Rising Number of Flu Cases Raises Public-Health Concern

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Jessica Kourkounis / Getty Images

A patient recieves a flu shot at a mobile tent set up to handle the recent influx of flu cases by the Lehigh Valley Health Network's main hospital campus January 11, 2013 in Allentown, Pennsylvania.

In Bostonhospitals are restricting visitors to protect patients with weakened immune systems; some are barring children under 14 years altogether from traipsing through their wards. And hospital personnel are carefully monitoring folks flowing in through their lobbies for signs of sneezing, coughing or fever.

The hospitals are wise to take such care because Boston is experiencing a flu crisis. At Massachusetts General Hospital, 536 people have been treated for influenza so far this season, 97 in the past week alone. Last year just 29 people were admitted for stays of one night or more for flu-related illnesses; this year 167 have already been hospitalized. The current outbreak led the city’s mayor to declare a public-health emergency when the confirmed influenza caseload hit 700, compared with last year’s tally of 70. The announcement allowed the release of thousands of free vaccines for those who haven’t been immunized and an admonition that people who are sick should stay home to prevent spreading the virus.

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And Boston isn’t the only city confronting rising cases. Hospitals in Minneapolis and St. Paul are opening up extra units to house patients felled by flu. Forty-one states report widespread influenza, and according to the Centers for Disease Control (CDC), about 3 in 10,000 adults over age 65 have been hospitalized for influenza, compared with 1 in 100,000 at the same time last year. The elderly and those with weakened immune systems are most vulnerable to serious complications.

As the flu season continues to build, public-health officials are bracing for what could be the most severe outbreak in recent years. “Certainly last year was mild, and the year before that was relatively mild,” says Dr. Michael Jhung, medical officer in the influenza division at the CDC. “But the number we are at right now, 5.6% [the proportion of people seeing their doctor for flu-related symptoms] compared to last year’s peak of 2.2% tells you this year is more severe than last year for sure.”

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How high that means the incidence will climb isn’t clear yet. Influenza season generally runs from October to April, peaking in February, but this season the flu hit earlier and harder. It’s possible that the seasonal cycle is simply peaking earlier, says Jhung, but because influenza is so unpredictable, health officials won’t know for sure until spring.

Why is this year’s flu so severe? The dominant strain causing the most illness, H3N2, is associated with more virulent symptoms of fever, coughing and respiratory distress, as well as complications such as pneumonia and bacterial infections. Generally viruses that can lodge deeper in the lower lungs tend to cause more health problems, but scientists are still trying to figure out where H3N2 gets its virulence. Any influenza virus can also cause changes in the lungs that can make people more susceptible to bacterial infections that normally don’t pose a problem.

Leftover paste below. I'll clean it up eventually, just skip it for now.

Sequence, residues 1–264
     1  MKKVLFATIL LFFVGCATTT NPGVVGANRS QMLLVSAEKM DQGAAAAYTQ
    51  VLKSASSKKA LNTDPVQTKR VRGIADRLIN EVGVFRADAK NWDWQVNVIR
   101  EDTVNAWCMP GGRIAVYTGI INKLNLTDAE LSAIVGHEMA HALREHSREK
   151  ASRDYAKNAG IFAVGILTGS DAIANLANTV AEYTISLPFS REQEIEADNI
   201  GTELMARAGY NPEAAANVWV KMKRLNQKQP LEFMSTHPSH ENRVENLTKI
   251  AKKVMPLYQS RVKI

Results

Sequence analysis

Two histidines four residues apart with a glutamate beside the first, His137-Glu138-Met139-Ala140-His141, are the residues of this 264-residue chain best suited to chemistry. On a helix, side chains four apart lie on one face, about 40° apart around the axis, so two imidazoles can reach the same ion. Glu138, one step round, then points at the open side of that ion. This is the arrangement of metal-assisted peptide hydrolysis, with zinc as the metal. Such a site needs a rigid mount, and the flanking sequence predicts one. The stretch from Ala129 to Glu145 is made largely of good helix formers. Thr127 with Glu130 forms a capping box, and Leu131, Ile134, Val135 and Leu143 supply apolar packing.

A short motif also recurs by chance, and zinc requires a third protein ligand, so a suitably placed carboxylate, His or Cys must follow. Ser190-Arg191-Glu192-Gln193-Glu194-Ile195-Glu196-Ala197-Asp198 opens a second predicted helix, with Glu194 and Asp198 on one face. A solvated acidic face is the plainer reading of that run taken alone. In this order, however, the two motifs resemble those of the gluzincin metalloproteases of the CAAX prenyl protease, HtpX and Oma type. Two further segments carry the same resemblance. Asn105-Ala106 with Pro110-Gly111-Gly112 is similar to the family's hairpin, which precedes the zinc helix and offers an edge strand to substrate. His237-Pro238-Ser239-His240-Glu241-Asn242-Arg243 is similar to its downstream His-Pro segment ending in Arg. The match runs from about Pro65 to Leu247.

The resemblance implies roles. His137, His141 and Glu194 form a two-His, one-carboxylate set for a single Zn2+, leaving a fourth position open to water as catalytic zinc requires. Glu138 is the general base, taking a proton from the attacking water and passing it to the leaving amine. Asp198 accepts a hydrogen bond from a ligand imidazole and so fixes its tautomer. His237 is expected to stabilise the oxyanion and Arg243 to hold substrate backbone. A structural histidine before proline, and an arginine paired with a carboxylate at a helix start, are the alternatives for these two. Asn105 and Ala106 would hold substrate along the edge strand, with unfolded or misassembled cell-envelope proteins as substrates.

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Fortunately, the flu vaccine that was distributed in the fall is a good match for the H3N2 strain. Seasonal vaccines, which are reissued each year, contain three different strains of influenza in order to maximize the chances of protecting against whatever multiple versions of the virus may be circulating. This year’s shot contains a strain nearly identical to the current H3N2, as well as an H1N1 strain that is is a near match for the H1N1 infecting some people and an influenza B strain that is 80% matched to the version circulating in the U.S.

But that could change. Influenza is a notoriously wily virus and known to mutate quickly and effectively to evade confrontation with immune defenses generated by a vaccine. “It may change in a week. It may change in a month,” says Jhung of the circulating virus.

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It’s also possible that some people who were immunized may still get sick, since no vaccine is 100% effective. Those who were vaccinated earlier in the season are likely in the best position to fend off the flu since it takes about two weeks for the body to develop the proper antibodies, once the immune system is prompted by the influenza templates in the shot. But flu vaccination rates are notoriously low; so far, about 35% to 40% of people have been immunized, about the same percentage as last year. Among children older than 6 months, less than 45% were vaccinated, according to a recent study involving youngsters in three states. The CDC is seeing signs of improvement, however, since more physicians and pregnant women are getting flu shots this year compared with last year.

Getting immunized, say health experts, is the best defense against illness. “We want to make sure that the public-health message is that you should still get vaccinated,” says Dr. David Hooper, chief of the infection-control unit at MGH. “We don’t want perfect to be the enemy of the good.” Those who are immunized and still do get sick tend to experience milder symptoms, he says, so it’s still smart to get a shot. And remember: there are three months left to go in this long and hard flu season.